The curtain raiser was on "The Terrible Twins: Royal Artillery and Royal Engineers" by Richard Tomlinson. In the English 1500s military hierarchy, artillery and engineers administered the King's fortifications and works, arsenals and military equipment. Artillery and ordnance trains were raised for specific crises and then disbanded. In 1716 artillery and engineers were separated. In 1722 the Royal Regiment of Artillery and Soldier Artificer Companies for construction of fortifications, commanded by officers of the Corps of Engineers, were formed. In 1787 a Corps of Royal Military Artificers was formed to construct seaward defences. In 1793 the Royal Horse Artillery raised to support cavalry. During the Peninsular War, CRMA became the Corps of Royal Sappers and Miners. The motto "Ubique" (Everywhere) was adopted by both corps in 1833. In 1856 the CRSM was absorbed into CRE, ending the anomaly of officers and other ranks belonging to separate corps. In 1859 RA companies became batteries, divided into field and garrison batteries. In 1899 the RA reorganized into 2 separate branches, Royal Horse with Royal Field, and Royal Garrison. In 1924 the RA became a single corps, with the RHA retaining its title and badge. From 1862 the RE was responsible for communications and military aviation (observation balloons). In 1912 aviation was taken over by Royal Flying Corps. In 1920 the Royal Corps of Signals was formed to take over the communications duties of RE. Neither the RA nor RE carry Colours. Guns are regarded as the Colours of the RA, which is why extreme action is taken by gunners to retrieve guns.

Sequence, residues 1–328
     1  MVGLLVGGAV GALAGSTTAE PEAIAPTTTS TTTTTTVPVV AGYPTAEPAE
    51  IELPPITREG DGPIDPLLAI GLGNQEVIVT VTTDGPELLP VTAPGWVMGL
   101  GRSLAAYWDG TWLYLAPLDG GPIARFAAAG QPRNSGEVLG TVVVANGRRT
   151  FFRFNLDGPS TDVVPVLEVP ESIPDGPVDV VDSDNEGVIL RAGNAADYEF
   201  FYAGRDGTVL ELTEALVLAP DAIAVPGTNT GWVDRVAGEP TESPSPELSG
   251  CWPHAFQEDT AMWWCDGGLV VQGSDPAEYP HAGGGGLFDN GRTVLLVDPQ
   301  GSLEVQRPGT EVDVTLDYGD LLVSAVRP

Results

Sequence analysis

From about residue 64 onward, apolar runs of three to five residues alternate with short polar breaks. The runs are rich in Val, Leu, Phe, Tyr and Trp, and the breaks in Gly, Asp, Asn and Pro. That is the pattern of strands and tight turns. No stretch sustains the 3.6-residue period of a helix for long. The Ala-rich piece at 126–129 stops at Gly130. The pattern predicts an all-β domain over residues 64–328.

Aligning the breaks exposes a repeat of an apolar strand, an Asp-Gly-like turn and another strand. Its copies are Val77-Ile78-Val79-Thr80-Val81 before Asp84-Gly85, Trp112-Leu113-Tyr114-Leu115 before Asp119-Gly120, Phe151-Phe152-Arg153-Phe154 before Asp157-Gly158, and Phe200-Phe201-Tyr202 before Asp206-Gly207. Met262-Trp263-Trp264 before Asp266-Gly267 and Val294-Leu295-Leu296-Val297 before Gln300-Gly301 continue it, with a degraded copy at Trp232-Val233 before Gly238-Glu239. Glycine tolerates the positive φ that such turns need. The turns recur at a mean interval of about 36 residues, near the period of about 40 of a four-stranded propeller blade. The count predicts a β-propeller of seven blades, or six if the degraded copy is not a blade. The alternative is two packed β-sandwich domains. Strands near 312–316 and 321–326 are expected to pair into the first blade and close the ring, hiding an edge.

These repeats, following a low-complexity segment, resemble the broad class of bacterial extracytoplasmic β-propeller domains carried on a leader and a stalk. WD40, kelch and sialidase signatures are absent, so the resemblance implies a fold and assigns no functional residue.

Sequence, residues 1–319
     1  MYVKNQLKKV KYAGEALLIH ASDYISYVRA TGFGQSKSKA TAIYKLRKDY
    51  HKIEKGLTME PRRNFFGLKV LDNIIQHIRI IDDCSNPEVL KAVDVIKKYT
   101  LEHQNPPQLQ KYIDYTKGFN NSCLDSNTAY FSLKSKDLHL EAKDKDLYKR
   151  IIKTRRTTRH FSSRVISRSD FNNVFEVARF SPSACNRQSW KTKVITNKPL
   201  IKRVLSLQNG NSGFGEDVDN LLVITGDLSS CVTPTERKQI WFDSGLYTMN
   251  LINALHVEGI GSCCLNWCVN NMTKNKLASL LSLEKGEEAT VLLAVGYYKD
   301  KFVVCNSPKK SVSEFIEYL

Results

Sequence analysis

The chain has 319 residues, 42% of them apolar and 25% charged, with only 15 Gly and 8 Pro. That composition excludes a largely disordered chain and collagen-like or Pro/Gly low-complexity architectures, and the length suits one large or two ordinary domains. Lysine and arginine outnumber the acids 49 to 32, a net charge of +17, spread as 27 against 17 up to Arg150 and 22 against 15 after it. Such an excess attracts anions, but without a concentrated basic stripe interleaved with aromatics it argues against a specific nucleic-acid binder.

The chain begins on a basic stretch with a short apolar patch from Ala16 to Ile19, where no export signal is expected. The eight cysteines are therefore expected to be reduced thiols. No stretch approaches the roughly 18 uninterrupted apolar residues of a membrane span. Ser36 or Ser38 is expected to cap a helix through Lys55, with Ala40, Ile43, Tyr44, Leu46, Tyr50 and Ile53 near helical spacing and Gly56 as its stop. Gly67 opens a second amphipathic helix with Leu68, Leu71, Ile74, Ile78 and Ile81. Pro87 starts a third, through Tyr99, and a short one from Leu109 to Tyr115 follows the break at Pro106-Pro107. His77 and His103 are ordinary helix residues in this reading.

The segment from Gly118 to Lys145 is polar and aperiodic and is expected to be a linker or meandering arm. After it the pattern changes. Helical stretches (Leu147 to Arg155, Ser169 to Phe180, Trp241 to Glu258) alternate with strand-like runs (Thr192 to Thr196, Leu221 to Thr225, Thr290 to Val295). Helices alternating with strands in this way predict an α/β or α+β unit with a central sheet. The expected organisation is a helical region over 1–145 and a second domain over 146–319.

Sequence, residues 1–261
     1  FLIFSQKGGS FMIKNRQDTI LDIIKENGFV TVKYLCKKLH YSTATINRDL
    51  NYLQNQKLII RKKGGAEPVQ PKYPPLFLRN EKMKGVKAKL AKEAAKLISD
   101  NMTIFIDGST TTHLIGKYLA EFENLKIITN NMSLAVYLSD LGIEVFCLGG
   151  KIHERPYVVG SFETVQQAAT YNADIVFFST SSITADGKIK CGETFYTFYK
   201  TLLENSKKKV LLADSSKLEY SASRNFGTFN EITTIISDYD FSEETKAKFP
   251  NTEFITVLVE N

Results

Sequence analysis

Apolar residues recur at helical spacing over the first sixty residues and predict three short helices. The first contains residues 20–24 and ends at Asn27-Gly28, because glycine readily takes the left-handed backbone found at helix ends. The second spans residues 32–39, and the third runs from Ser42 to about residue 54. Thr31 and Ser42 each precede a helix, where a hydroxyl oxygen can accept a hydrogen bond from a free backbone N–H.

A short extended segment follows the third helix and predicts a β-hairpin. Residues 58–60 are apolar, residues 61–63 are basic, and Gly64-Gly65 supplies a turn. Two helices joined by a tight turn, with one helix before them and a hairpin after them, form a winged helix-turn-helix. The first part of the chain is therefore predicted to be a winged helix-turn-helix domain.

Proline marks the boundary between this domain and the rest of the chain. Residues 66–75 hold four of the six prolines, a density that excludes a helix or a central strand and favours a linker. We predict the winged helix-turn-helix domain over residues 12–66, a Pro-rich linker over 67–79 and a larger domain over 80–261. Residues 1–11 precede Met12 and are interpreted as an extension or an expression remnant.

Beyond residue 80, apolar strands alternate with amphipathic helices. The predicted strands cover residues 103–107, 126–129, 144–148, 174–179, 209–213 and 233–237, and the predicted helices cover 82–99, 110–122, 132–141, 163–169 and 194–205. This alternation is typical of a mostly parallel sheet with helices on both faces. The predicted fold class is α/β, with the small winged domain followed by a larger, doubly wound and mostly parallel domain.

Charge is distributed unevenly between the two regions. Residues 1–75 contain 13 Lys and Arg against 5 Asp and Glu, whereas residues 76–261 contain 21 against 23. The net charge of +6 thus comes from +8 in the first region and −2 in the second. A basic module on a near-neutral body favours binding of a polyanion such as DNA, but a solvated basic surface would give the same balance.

Geoff Hamp-Adams introduced his main lecture slide show on Pearl Harbour with an orientation of the aircraft involved, the layout of Pearl Harbour and the approach routes taken by the Japanese fleet and aircraft. Slides included Japanese deck crews cheering aircraft taking off from the fleet carrier Shokaku; the Arizona blazing fiercely before blowing up with the loss of 1 177 lives (probably the best known photograph of the attack); the capsized Oklahoma; the severely damaged Maryland; crew abandoning the burning California; rescue launches picking up survivors from the West Virginia and the Tennessee; the capsized cruiser Helena (she capsized 2 hours after the attack, some say from fright); the damaged cruisers Utah, Raleigh, Tangier and Detroit on the north of Ford Island; the damaged battleship Nevada, moved from her mooring on Battleship Row by the duty crew and run aground on the Waipio Peninsula; the destroyer Shaw, which was set on fire in the floating dock and later exploded; the damaged battleship Pennsylvania and destroyers Cassin and Downes in dry dock, which was flooded to raise the Pennsylvania to the level where her anti-aircraft guns could be brought into action; a photograph taken from a Japanese aircraft during the attack on Wheeler Airfield; the wreck of a Zero shot down south of Hickam Air Base and another well known photograph of the south-east corner of the Naval Air Station on Ford Island giving an impression of the chaos which existed during the attack. The presentation concluded with several slides of the Arizona Memorial.